Visual images of the judiciary have increasingly become the subject of academic research, particularly by Professor Leslie Moran and the project Judging images: the making, management and consumption of judicial images. Images of judges have been described by Moran as ‘a neglected, sometimes poorly understood and underused source of data’. Our paper addresses a little-known collection of images by Joseph Bouet (1791-1856), a French-born artist who settled in Durham in the early nineteenth century. His pencil drawings are a fascinating form of courtroom art, featuring representations of judges, lawyers and defendants from c.1830-1856. Save for two images of murderers, it appears that none of the drawings were produced for general public consumption.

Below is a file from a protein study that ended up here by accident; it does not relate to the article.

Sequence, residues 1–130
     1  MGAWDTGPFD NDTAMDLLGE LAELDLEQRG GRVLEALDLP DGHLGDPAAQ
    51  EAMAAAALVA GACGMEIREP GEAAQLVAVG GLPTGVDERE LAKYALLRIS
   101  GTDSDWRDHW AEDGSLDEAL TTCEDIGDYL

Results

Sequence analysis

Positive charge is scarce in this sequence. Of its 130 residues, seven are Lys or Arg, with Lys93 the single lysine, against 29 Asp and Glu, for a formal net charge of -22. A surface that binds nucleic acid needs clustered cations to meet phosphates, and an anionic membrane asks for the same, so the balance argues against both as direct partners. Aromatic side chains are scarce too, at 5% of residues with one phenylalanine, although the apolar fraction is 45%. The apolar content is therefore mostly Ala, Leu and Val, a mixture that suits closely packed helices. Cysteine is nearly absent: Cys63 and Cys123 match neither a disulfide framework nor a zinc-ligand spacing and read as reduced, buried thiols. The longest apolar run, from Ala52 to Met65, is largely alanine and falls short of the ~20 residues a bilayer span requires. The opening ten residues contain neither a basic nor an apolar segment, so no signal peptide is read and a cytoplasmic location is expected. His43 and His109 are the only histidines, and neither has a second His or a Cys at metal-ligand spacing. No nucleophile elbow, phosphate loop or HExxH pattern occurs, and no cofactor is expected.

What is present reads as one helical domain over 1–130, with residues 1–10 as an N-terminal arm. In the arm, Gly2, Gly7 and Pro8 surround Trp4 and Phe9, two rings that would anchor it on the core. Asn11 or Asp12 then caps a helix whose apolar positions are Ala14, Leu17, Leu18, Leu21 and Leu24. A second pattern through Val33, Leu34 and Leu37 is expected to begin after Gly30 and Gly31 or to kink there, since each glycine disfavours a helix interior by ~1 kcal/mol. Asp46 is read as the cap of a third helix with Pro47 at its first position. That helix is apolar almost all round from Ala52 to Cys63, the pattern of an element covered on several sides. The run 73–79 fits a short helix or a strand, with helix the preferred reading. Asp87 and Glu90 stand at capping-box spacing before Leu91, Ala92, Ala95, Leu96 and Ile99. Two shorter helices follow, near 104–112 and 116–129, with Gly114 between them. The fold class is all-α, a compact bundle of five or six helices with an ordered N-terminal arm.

Legal imagery from this period in North East England is relatively rare, and yet this collection of approximately forty images has not yet been the subject of detailed study. Our research aims to address this, but, hampered by Covid-19, we have had to rely on digitized images - the associated papers remain archived, tantalizing out of reach. As such the paper will address the images and the artist through a series of research questions: Who were the men portrayed? When were the images created? What link (if any) had Bouet to the law? What led him to produce these drawings of judges, lawyers and felons? What access did he have to enable him to produce the drawings? The paper will consider what this cache of pictures, previously unexplored by legal scholars, can add to the literature on images of judges and justice in the North East and further afield.
|Period||1 Sept 2020|
|Event title||Society of Legal Scholars Conference|
|Location||Exeter, United Kingdom|
|Degree of Recognition||International|